Brewery turns to the sun to make beer
23 June 2011
Bradfield Brewery is planning to spend more than £100,000 turning to the sun to make its beer.
The brewery at High Bradfield, best known for its Farmer brand of beers, has applied for planning permission to fit 158 solar panels on the roof of its brewery and a storage building.
The photovoltaic panels would generate 30,000 Kilowatts of electricity a year – enough to power about half a dozen family homes.
The system, which will be installed by Hoylandswaine solar panel company Norcroft Electrical, should add up to £11,000 per year in saved electricity bills and Feed In Tariff from the National Grid.
Richard Gill, from the brewery, said: “It fits in with our ethos of using the best and most natural way of doing things.
“We already use water from our own borehole on the farm to make the perfect pint. Now we can harness the sun to help in that process.”
Bradfield Brewery, which is based at Watt House Farm, has brewed more than five million pints since the first beer, Farmers Bitter, was produced in 2005. The farm had been in the family for three generations, but falling farming income led to the decision to set up the ten-barrel micro-brewery. That is now increasing to 40 barrels – an expansion that led to the decision to turn to solar power.
The brewery produces a range of beers which it sells to pubs all over the country from Newcastle down to Oxford and from Blackpool across to Scarborough. It also supplies local shops and has a shop on site.
Watt House Farm is still a working farm with sheep, hens, goats, five shire horses and two Percheron horses, China and Charlie, who areused to pullthe brewery dray at events like Bakewell Show.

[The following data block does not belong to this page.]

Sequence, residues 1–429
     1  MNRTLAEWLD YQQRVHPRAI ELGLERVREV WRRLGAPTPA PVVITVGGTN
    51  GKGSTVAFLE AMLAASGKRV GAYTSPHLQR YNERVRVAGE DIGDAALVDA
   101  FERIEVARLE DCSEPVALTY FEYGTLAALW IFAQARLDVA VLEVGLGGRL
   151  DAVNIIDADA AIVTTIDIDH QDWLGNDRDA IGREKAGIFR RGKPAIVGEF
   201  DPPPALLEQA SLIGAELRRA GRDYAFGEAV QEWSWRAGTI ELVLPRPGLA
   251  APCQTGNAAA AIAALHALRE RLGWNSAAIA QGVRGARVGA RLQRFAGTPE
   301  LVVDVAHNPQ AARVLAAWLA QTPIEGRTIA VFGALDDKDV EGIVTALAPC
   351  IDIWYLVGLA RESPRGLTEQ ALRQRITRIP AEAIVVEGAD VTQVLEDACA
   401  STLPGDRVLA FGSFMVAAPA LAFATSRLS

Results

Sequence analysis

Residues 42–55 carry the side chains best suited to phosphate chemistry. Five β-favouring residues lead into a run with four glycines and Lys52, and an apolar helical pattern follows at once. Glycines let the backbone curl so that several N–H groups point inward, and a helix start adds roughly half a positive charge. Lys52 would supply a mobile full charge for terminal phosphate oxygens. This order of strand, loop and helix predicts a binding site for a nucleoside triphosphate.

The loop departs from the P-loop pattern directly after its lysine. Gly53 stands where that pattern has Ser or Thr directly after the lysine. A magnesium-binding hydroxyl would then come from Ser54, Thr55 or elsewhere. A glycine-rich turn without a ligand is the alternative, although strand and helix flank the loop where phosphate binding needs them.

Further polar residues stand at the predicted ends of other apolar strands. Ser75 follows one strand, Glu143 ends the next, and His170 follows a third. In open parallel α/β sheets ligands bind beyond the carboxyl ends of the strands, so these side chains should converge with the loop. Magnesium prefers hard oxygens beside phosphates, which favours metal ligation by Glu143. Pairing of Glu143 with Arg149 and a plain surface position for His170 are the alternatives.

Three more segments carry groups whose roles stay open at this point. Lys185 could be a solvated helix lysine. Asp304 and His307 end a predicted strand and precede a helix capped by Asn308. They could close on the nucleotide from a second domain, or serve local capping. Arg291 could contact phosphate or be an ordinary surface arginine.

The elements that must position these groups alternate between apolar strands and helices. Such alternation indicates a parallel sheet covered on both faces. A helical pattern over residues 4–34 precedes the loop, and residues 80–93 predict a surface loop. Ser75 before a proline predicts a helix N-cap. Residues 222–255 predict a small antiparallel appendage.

“It’s what they call farm diversification,” said Richard. “We are still very much a farm, but we needed to get an income from somewhere else too.”
Philip Mosley, director of Norcroft Electrical, said diversifying into making money from solar panels was an obvious next step. The brewery uses power during daylight hours, so generating and then using its own electricity from the sun made sense.
“More and more businesses are seeing the advantage of using their roof space to not only save money but save the planet,” he said.
“For Bradfield Brewery it makes sense to fit solar panels because they have two large south-facing roofs.”
But businesses have so far been slow to capitalise on the money that can be saved by fitting solar panels. Figures from Ofgem show that out of nearly 2,000 photovoltaic installations in South Yorkshire only about a dozen are non-domestic. But that is slowly changing, said Philip, who started installing panels in 2006.
“We fit a lot of panels on houses, but gradually the number of enquiries from businesses is increasing. It’s gone from 5 per cent of our inquiries to over 30.”
Fitting the panels on the two roofs at the brewery should take about three weeks. A planning application has been submitted to the Peak District National Park Authority and will be considered within the next few months.
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